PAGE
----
The metabolic alterations in advanced cancer have many parallels to a chronic systemic inflammatory response and differ considerably from the metabolic changes in starvation. Nutritional support alone does not appear to affect overall survival in advanced cancer, but in combination with treatment targeted against the inflammatory response and/or metabolic abnormalities, focussing also on energy expenditure, may be of greater value. Therapeutic strategies aimed at modulating the mediators of the catabolic response, such as cytokines and eicosanoids, or metabolic regulation, such as with anabolic and anti-catabolic agents, may thus offer more promise in the future. Also, early detection and intervention may be more effective. An optimal therapeutic approach to cancer cachexia is not yet available. Strategies to counteract both hypermetabolism and reduced dietary intake may be important for the survival, function and quality of life of cancer patients and should be further explored in interventional studies.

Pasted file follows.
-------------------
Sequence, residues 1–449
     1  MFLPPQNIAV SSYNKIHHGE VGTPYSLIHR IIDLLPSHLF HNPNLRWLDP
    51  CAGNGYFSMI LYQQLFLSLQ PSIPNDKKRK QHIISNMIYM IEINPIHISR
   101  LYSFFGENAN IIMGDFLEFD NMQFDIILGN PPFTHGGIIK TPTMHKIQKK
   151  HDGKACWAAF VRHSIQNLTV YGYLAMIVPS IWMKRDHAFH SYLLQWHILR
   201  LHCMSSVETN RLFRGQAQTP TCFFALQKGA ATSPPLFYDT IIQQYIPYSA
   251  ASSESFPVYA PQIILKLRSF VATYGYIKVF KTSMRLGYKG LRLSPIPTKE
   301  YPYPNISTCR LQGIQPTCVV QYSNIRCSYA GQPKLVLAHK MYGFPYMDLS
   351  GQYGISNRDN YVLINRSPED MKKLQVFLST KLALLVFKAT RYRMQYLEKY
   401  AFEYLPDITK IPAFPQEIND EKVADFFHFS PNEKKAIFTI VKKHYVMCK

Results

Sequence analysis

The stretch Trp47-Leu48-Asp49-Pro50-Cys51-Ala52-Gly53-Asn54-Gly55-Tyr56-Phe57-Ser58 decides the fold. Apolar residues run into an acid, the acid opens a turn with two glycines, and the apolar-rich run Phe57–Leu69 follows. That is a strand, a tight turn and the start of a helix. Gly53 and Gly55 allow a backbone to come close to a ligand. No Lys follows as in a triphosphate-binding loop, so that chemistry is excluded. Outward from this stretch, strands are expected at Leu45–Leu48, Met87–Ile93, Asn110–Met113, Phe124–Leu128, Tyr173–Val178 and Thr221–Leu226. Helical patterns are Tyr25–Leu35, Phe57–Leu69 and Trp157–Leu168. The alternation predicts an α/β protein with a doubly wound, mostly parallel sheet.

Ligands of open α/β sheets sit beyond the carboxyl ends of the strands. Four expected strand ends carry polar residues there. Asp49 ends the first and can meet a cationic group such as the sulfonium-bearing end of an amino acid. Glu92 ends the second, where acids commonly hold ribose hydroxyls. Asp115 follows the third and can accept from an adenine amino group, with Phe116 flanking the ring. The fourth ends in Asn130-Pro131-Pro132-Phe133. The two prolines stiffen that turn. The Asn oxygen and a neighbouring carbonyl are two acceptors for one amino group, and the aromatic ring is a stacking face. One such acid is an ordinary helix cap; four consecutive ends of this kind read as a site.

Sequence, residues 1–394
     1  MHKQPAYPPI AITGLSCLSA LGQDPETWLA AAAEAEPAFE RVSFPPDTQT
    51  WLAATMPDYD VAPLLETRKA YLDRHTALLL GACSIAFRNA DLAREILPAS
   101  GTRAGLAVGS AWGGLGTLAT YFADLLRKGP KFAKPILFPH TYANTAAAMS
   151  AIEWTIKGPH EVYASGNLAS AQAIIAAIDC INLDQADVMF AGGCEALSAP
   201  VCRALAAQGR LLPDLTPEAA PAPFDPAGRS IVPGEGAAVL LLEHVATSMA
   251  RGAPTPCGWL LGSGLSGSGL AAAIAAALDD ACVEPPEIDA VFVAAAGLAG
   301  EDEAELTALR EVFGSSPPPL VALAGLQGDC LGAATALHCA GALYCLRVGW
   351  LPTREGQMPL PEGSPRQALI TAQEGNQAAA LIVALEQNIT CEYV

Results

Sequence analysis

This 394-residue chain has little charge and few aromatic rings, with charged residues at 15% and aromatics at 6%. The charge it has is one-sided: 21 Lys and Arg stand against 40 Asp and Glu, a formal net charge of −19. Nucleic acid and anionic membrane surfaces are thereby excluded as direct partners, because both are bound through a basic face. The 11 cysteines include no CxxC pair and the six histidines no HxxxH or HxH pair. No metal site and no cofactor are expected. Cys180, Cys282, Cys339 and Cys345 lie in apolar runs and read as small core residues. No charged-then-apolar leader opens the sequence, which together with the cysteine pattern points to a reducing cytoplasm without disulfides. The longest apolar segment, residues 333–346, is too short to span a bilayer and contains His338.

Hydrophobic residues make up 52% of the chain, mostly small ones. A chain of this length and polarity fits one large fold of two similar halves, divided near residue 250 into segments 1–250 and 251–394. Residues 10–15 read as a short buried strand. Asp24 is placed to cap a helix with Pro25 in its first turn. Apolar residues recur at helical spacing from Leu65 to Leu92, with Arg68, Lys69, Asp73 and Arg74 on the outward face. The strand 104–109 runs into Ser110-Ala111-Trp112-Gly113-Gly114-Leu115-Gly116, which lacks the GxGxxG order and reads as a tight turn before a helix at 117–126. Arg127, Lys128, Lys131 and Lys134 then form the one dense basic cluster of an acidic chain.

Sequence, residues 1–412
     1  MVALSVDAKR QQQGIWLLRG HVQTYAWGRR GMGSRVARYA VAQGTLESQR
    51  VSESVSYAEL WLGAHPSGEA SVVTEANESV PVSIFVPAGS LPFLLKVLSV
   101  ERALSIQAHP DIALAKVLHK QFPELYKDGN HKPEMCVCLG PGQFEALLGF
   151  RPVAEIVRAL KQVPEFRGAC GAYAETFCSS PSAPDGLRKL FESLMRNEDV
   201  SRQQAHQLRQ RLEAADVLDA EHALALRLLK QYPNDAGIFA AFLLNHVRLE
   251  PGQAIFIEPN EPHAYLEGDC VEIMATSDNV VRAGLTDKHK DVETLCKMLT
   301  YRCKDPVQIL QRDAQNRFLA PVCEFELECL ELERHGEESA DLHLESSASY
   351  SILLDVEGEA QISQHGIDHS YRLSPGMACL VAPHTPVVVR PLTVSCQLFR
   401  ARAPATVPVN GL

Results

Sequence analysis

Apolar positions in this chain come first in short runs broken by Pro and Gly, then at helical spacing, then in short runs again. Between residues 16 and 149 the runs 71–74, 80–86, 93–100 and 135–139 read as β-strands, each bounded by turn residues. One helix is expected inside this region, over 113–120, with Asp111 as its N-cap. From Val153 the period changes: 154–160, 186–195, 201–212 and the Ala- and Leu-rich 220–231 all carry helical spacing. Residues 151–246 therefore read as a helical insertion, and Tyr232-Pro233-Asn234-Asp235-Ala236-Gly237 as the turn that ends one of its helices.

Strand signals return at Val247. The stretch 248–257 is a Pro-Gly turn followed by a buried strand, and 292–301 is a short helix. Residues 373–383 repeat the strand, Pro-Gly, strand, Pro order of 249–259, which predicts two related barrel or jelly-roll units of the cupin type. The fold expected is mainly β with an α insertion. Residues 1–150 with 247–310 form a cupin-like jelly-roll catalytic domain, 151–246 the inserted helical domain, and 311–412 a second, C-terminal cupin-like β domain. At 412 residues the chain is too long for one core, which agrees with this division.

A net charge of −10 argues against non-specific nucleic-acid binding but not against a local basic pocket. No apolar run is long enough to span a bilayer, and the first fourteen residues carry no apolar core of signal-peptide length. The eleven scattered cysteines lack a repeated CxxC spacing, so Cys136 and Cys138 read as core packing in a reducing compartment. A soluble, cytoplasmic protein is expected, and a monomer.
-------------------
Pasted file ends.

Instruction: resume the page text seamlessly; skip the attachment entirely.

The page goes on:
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© Springer-Verlag 2007